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Wednesday 1 February 2023 Dublin: 6°C
Growing old in Ireland: Quality of life peaks at 68 - and is rated the same at age 50 as at age 80
It comes as part of the latest tranche of the TILDA study.

A PERSON’S QUALITY of life peaks at 68 and then gradually starts to decline, reaching the value observed among 50-year-olds at age 80.

That’s according to the latest study from the Irish Longitudinal Study on Ageing (TILDA) at Trinity College Dublin, which gives an insight into the well-being and health of older adults in the country.

Lead academic Professor Rose-Anne Kenny said that prior to the work by TILDA, data on the prevalence and incidence of age-related disease, disability or economic and social data was minimal in Ireland. 

She told “This study is very important as we’ve developed a major source of reliable information on aging in Ireland, using a representative sample of the population. And government do listen to the findings, and with the people we come into contact with we can track the effect these things have.”

The latest tranche of data from the long-term study covering 2009-2016 also found that one in five of those surveyed rated their memory as “fair” or “poor”. 

Furthermore, there was a large disparity for those who had problems heating their homes, affecting over half in Dublin city or county (50.4%) but just under a quarter of those in rural areas (24.4%).

Quality of life

The measurement used by TILDA to provide a rating for someone’s quality of life covers 12 topics under the headings control, autonomy, self-realisation and pleasure. 

It asks participants if they agree with statements such as “I can do the things I want to do” and “I look forward to every day”. 

On this score – called the CASP-12 score – those aged 68 scored the highest on average in the study.

quality of life TILDA TILDA

The same values were observed at age 50 as at age 80. The patterns were also the same for men and women where quality of life for both was in the 65-74 age group.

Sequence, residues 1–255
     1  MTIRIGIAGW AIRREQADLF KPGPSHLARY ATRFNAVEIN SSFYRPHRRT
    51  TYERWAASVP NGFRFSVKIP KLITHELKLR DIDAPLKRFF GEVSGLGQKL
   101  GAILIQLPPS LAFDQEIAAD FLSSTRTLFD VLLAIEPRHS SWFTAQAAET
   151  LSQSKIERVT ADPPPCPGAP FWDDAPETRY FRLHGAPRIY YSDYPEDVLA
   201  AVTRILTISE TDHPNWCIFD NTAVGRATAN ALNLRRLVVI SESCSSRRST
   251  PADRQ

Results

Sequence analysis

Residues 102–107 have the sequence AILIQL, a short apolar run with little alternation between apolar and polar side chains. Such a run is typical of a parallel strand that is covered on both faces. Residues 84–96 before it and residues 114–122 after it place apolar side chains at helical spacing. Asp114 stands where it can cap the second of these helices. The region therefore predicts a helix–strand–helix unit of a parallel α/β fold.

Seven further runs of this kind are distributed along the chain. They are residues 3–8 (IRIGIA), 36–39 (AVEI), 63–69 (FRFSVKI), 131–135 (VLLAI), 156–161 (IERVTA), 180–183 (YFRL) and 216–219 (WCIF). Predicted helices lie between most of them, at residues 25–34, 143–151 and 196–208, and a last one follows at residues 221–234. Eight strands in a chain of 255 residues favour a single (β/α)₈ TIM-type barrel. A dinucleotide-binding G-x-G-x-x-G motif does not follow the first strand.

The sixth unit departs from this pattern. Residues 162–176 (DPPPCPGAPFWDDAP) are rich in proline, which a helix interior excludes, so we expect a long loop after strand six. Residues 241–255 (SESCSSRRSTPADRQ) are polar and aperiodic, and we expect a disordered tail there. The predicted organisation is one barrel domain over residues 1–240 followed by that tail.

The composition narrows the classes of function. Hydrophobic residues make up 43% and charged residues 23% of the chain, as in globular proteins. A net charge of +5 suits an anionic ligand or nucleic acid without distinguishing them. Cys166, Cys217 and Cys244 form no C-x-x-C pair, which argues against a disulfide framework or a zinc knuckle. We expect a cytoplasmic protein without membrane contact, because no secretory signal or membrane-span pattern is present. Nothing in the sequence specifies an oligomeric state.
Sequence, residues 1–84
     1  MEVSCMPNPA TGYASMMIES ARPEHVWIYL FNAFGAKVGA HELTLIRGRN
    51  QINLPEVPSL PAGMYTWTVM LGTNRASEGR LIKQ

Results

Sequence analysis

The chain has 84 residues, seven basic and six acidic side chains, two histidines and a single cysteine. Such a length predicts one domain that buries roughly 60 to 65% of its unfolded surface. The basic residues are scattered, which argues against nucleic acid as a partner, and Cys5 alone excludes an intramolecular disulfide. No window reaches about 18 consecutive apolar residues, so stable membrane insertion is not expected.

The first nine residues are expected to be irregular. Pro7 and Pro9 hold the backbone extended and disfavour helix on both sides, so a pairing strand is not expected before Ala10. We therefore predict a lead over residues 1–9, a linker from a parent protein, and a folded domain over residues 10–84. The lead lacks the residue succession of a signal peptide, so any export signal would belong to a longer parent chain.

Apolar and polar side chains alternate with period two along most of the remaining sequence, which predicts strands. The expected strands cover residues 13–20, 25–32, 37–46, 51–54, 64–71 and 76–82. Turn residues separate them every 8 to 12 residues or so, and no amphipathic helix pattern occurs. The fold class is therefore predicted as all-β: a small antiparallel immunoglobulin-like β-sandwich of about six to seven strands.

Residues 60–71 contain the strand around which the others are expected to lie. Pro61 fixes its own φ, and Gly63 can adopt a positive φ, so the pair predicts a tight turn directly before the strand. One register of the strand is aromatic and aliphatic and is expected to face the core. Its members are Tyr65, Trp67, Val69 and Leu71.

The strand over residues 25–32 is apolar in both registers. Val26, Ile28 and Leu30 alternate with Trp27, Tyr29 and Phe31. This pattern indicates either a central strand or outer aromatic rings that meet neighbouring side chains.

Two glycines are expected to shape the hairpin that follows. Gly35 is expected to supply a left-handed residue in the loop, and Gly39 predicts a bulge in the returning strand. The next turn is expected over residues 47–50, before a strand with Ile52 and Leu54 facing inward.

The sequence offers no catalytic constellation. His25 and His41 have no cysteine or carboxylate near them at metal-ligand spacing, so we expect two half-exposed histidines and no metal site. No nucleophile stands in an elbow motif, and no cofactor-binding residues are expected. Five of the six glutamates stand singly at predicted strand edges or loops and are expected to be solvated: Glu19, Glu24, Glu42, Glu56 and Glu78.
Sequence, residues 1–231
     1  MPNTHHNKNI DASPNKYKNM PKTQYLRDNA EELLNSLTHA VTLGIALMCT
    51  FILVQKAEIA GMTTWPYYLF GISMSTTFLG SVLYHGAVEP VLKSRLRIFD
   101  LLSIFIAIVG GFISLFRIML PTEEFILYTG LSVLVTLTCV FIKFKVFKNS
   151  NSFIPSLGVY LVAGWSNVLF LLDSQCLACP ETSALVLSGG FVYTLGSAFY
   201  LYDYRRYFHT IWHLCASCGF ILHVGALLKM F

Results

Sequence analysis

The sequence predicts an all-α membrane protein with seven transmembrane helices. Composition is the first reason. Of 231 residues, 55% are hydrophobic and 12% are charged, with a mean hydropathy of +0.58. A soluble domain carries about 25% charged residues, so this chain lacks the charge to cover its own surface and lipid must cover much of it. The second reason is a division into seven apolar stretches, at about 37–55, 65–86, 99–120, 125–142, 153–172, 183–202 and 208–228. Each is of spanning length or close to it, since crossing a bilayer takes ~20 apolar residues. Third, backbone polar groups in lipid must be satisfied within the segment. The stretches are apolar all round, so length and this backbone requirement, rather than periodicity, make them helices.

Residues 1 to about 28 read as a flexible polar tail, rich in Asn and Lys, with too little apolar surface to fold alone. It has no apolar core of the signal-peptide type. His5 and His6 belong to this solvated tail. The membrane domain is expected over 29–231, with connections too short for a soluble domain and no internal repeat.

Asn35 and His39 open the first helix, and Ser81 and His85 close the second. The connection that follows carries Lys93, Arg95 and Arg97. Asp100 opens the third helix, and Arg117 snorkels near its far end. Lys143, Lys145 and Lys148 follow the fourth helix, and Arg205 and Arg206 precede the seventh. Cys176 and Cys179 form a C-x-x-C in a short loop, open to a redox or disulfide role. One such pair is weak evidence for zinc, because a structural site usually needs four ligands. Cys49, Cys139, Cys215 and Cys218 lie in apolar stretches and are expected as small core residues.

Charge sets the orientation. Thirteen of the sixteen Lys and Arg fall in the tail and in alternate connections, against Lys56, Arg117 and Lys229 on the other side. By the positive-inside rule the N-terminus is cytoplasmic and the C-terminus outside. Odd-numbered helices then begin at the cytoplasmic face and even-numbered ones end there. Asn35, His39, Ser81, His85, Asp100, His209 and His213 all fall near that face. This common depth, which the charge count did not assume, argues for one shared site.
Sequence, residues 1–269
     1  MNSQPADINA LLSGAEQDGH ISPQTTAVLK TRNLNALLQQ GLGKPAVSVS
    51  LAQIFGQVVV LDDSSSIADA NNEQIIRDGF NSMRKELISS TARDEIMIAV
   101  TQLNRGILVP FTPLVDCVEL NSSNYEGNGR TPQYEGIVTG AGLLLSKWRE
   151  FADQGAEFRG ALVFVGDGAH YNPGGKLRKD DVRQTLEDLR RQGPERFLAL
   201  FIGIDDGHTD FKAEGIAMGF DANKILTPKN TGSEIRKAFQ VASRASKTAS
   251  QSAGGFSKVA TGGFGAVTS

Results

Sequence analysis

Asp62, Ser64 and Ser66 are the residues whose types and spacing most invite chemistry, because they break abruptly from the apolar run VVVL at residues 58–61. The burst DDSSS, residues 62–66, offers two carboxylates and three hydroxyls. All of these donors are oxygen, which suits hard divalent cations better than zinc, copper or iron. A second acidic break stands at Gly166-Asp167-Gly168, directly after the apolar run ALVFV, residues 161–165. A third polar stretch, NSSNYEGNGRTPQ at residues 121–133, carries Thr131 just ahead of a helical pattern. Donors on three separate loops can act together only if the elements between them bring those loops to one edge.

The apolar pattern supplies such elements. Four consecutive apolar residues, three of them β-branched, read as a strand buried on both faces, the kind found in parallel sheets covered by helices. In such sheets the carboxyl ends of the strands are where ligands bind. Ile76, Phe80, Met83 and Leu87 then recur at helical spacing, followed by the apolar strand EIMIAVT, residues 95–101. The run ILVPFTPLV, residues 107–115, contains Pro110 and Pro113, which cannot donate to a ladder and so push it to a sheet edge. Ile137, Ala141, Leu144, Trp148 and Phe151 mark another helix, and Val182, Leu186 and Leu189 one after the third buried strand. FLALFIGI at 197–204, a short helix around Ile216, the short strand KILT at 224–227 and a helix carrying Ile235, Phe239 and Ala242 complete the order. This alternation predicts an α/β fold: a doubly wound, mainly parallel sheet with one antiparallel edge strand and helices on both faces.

Higher educational attainment was related to higher quality of life scores,  as was being married.

However, for men, quality of life was similar to those who were married and those who were widowed.

Professor Kenny said these stats show that “it does get better as you get older”. 

“There could be many reasons for that,” she said. “Less issues of things like mortgages, family work, work in general. Maybe the stress is less, but I think companionship is important.

If you’re coming towards retirement, it could be when you often start to engage more socially, change some of your patterns and do more things with people.

Other factors

Another important finding from the latest study is the degree to social relationships and engagement people’s health – both mentally and physically – according to Professor Kenny.

While 21% of those responding reported the highest level of social integration, a further 39% said they felt moderately integrated. 

Almost three quarters (74%) of older adults participate in active and social leisure activities each week, while 52% participate in organised groups such as sports groups, book clubs or charitable organisations. 

“The benefits of being active within a community are very strong,” she said. “The way it does that is by keeping inflammation suppressed so that you respond normally if you get an infection. 

I think that’s a really important message. We looked at things like neighbourhood, the more comfortable you feel in your neighbourhood, the happier you are. This is all about public health, physical and mental.

The findings of TILDA, since it began in 2009, have helped to inform government policy in areas such as hypertension diagnosis and atrial fibrillation, or irregular heartbeat, that patients may not have been aware of. 

Dr Kenny added: “National policies targeted towards enhanced social engagement and a reduction in loneliness and unwanted isolation should enhance health and quality of life.”

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